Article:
• February 6, 2023

When does it end?

 When does it end?

Sen. Rand Paul and top Biden adviser Anthony Fauci had a spat on Thursday over masks, vaccination, and reinfection. Partisans of both sides claimed victory, but the public lost because they never addressed the underlying question:

When does this all end?

Fauci seemed to argue that no amount of vaccine uptake can free us from the need to wear masks, pointing to coronavirus variants. A day earlier, reporters on Twitter assailed conservative writer Noah Rothman for suggesting that once fully vaccinated, he’ll shed his mask and live a normal life. “Your vaccine may not protect others,” they warned, believing that we must assume every bad possibility until science disproves it.

Fauci isn’t so much to blame here. His job is literally to tell us things are not safe. The job of the rest of us, including the media, is to decide when to ignore our government health scolds. (Have you ever eaten cold leftovers straight from the fridge? Uncle Sam would be very disappointed in you.)

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Some people are simply terrified of the virus out of a real but vastly irrational fear. Some people seem to find a sense of purpose in lockdowns. Politicians and health authorities enjoy the power and attention it gives them. For others, the last year has seemed like one long snow day, or one of those summer nights when a power outage drives all the neighbors to the sidewalks, everyone eating ice cream before it melts, and it’s kind of a nice moment.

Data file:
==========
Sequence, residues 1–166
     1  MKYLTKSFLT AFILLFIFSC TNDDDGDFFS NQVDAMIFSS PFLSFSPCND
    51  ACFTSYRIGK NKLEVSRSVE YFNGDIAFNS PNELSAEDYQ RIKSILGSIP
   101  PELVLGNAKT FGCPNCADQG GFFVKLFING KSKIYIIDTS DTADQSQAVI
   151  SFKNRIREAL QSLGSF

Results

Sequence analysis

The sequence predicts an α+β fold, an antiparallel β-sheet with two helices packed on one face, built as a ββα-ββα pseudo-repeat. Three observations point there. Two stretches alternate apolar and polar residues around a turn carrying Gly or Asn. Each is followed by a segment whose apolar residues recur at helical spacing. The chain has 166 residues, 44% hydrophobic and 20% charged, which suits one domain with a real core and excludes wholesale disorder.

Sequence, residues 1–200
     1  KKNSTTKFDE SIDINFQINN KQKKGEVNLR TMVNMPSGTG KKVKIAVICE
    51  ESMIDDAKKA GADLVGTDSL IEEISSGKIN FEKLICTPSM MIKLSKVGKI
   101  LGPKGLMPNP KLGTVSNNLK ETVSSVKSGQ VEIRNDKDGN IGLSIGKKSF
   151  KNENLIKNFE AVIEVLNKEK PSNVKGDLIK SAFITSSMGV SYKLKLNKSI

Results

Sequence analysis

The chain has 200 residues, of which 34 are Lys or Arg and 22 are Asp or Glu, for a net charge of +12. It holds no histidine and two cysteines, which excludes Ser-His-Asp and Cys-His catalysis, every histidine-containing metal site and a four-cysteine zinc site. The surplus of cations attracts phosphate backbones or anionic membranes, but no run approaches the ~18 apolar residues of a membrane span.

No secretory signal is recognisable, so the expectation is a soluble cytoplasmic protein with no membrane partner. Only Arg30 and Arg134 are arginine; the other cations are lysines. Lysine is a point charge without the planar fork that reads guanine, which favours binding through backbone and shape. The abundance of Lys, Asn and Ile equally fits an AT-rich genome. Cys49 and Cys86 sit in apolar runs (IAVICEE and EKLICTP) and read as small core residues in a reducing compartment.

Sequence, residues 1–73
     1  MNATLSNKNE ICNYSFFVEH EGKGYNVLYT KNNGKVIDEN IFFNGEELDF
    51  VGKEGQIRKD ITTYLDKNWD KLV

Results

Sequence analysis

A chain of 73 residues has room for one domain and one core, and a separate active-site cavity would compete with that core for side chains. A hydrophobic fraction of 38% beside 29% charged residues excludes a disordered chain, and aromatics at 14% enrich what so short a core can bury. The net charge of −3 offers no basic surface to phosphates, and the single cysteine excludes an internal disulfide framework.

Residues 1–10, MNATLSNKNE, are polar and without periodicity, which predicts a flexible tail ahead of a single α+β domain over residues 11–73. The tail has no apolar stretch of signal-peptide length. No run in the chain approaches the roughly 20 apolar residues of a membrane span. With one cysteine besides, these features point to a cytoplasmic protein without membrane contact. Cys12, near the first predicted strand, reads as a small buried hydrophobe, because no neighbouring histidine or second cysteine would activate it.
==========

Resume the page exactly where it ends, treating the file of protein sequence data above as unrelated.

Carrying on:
But this isn’t a nice moment. Lockdowns and mask mandates are not good things. They are, at best, necessary evils. They are evil because of the costs they impose on human thriving. But they are also evil because every day they are in place, the people and the powerful both grow more and more accustomed to a daily life in which the government gets to tell us how to live.

Lockdowns, distancing requirements, and mask mandates need to end as soon as possible. That doesn’t mean today. It doesn’t mean tomorrow. But it means at some point.

Our leaders and health experts have a duty to articulate, right away, standards of when these should end.

Fauci, President Biden, every governor, every mayor, and every county executive who is still enforcing lockdown measures should say, “I will lift them when …”

It seems unconscionable that any lockdowns should stay in place after vaccine demand is met. That is, once everyone who wants a vaccine has one (and once it’s taken effect 10 days or 2 weeks after the jab), then people at risk are almost all people willing to bear that risk.

Another possible threshold is once R-0, the reproductive rate of the virus, is below 1 for a week or two. That means the virus is steadily dying out. This will happen in some places earlier than others, and those places should open up internally, even if they continue to limit travel.

Excess deaths is another measure. Pretty soon, the United States will see all weekly deaths, by all causes, be equal to the total deaths from that same week in 2019 and 2018. At that point, we’re no longer experiencing a deadly pandemic.

We cannot wait for COVID-19 to disappear. That might never happen. And maybe Fauci has his own yardsticks. Maybe New York City will propose others. Maybe we’ll all disagree over the right ones.

But every public health authority and every government executive should lay down his or her proposed “finish line” right away. At least then, we’ll have something to fight over. Because right now, it seems indefinite. And indefinite “emergency powers” for the government are lethal to human freedom.

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Editor @Investigator_50